Journal Article
25 Jul 2017
14 views

Minding the gaps: health financing, universal health coverage and gender

Health Policy and Planning Sophie Witter, Veloshnee Govender, TK Sundar...+2 more
Health Policy and Planning
Sophie Witter, Veloshnee Govender, TK Sundari Ravindran, Robert Yates
South-East Asian Region
10 mins
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What you'll learn
Integrating gender and health financing
  • This paper reviews the evidence of how health-financing reforms have impacted gender and health access through a general literature review and a case-study of India
  • Highlights the gendered impacts of health financing initiatives
  • Outlines opportunities for intersectional gender analysis
Key Takeaways
1
Address the gaps in evidence
Address the gaps in evidence
Insufficient attention has been paid to the interaction of gender and health financing, and better collaboration is needed to fill this gap.
2
Without a gender lens, UHC will fail to be equitable
Without a gender lens, UHC will fail to be equitable
While Universal Health Coverage (UHC) emphasises equity, some groups have higher health needs and lower financing capabilities than others. This implies the need for progressive universalism, which puts the needs of vulnerable groups like women and children first. The underlying political and social determinants that undermine access for vulnerable and marginalised groups must be tackled to achieve the goals of UHC.
3
Invest in recommendations for a more gender-equitable approach to health financing
Invest in recommendations for a more gender-equitable approach to health financing
These recommendations include: public financing of health care services with resources mobilised from progressive taxation; regulation of the private health sector; attention to coverage of different groups of women when it comes to social insurance and micro-insurance; and social protection schemes that go beyond women from households below the poverty line and with packages covering more than maternal health.
4
Consider opportunities for intersectional gender analysis
Consider opportunities for intersectional gender analysis
The India case study highlights the gendered impacts of health financing initiatives and opportunities for intersectional gender analysis. For example, only five members of a household may be enrolled in India’s main social protection scheme, RSBY. Girls and elderly women are more likely to be excluded, and overall enrolment of women is lower than that of men, due to unequal gender power dynamics. Another example is the Conditional Cash Transfer Scheme. While it has increased the proportion of women delivering in institutions, it excludes women who already have two live births. This disproportionately affects poor women and women with lower educational levels who have higher fertility levels.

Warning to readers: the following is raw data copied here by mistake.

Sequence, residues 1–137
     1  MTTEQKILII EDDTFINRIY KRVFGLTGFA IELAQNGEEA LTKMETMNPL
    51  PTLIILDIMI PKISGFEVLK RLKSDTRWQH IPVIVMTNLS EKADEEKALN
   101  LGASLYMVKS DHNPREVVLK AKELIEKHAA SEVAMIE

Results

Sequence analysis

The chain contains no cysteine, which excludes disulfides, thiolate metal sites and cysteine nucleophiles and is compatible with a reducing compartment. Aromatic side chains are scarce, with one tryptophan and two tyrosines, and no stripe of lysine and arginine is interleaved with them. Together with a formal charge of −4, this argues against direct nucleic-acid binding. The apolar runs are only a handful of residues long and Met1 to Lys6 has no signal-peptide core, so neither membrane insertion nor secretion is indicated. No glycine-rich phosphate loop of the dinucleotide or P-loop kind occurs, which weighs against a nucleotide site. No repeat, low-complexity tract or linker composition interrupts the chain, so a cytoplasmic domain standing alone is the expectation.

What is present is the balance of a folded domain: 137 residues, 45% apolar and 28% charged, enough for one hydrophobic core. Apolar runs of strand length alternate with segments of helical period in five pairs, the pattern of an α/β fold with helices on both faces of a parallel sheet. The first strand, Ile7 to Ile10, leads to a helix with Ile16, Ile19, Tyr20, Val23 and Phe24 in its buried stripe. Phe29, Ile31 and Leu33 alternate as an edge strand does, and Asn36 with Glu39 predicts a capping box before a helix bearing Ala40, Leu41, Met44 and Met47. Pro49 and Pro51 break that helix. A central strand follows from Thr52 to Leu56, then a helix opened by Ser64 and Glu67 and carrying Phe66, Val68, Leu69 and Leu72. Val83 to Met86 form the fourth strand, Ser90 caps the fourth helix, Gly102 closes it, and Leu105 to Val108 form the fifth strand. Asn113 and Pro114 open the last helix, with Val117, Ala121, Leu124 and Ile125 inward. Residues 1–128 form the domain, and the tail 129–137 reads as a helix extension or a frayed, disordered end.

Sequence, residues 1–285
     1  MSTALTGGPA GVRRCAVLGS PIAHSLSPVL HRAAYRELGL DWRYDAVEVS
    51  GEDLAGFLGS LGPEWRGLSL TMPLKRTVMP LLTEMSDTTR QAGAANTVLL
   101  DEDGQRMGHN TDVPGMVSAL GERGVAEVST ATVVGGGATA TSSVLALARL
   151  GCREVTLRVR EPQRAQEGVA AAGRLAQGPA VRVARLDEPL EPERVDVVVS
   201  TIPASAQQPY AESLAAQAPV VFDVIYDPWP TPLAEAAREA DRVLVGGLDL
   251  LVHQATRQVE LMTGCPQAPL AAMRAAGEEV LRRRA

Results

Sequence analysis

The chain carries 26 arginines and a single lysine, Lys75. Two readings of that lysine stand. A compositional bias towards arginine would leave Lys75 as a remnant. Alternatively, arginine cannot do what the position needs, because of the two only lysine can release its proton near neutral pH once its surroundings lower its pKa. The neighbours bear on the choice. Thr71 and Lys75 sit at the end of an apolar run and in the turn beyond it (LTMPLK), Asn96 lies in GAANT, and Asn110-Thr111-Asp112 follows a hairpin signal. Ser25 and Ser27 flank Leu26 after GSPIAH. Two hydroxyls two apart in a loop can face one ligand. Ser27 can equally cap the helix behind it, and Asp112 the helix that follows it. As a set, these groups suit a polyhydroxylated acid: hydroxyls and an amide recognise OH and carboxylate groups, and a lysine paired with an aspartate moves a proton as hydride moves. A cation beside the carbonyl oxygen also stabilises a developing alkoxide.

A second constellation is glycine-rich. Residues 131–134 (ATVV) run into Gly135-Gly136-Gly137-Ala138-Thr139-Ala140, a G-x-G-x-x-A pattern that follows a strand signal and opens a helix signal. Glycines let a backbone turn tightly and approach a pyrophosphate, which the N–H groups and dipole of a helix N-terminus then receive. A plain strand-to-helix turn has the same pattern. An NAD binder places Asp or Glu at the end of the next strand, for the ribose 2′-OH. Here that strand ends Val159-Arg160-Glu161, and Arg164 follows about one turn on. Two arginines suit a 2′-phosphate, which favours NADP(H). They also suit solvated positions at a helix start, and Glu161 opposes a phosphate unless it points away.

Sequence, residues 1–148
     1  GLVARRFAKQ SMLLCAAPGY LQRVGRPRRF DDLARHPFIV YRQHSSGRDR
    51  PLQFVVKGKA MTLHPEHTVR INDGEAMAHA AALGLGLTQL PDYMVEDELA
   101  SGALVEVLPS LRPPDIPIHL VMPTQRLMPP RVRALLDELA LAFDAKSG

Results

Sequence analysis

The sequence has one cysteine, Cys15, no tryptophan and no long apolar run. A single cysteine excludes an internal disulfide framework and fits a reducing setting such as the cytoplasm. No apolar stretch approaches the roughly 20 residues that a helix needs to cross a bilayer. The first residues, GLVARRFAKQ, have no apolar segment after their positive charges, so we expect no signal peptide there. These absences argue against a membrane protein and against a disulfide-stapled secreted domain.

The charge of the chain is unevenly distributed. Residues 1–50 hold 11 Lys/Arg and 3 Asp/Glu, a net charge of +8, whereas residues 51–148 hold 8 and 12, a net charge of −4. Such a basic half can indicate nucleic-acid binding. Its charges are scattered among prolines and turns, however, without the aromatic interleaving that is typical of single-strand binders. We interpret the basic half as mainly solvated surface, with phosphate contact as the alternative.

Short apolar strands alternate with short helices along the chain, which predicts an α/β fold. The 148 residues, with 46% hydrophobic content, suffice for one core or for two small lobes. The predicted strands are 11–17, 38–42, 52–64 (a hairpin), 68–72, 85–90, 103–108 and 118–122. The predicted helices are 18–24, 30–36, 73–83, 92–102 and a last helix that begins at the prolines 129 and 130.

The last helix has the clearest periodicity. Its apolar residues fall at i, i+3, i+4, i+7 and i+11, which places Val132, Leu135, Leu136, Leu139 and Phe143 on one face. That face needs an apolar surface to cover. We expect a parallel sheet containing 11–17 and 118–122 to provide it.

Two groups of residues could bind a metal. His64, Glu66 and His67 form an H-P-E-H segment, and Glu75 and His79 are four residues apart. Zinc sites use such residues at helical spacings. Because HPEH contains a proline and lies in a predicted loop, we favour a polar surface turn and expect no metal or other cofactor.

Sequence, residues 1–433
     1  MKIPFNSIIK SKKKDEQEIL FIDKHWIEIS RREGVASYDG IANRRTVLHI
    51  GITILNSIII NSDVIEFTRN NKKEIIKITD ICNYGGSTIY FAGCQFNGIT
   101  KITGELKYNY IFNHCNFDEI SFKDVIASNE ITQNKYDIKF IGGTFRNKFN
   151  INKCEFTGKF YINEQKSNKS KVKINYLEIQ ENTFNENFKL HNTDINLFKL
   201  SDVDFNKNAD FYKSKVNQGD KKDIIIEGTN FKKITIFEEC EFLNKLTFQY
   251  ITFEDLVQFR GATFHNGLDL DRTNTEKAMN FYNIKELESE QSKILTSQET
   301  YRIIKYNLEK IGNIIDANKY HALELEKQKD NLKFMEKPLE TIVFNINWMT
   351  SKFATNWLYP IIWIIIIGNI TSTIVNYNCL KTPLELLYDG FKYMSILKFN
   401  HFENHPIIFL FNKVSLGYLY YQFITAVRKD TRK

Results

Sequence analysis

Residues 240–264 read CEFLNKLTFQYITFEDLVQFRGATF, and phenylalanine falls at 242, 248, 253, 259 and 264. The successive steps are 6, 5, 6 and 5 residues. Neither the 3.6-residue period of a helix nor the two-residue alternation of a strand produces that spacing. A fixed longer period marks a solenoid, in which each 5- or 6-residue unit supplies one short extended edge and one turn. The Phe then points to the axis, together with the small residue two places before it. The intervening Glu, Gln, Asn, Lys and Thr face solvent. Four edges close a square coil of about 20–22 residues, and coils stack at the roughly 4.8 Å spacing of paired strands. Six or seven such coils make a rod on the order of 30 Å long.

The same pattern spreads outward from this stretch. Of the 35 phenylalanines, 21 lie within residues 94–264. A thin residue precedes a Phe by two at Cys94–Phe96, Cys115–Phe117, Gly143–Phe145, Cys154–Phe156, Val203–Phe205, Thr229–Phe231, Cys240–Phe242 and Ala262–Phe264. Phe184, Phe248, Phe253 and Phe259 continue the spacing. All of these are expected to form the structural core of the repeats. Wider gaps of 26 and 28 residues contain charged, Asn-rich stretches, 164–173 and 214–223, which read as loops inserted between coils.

Unless explicit attention is paid to gender and its intersectionality with other social stratifiers, through explicit protection and careful linking of benefits to needs of target populations (e.g. poor women, unemployed men, female-headed households), movement towards UHC can fail to achieve gender balance or improve equity, and may even exacerbate gender inequity.

A woman walks own a street in Chennai, India.

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    Affiliations
    1. Sophie Witter, Institute for Global Health and Development, Queen Margaret University, Edinburgh; Institute for Global Health and Development, Queen Margaret University, Edinburgh EH21 6UU, UK.
    2. Veloshnee Govender, Health Economics Unit, School of Public Health and Family Medicine, University of Cape Town, Cape Town, South Africa
    3. TK Sundari Ravindran, Sree Chitra Tirunal Institute for Medical Sciences and Technology, Kerala, India
    4. Robert Yates, Centre on Global Health Security Chatham House, The Royal Institute of International Affairs, 10 St James’s Square, London, SW1Y 4LE UK
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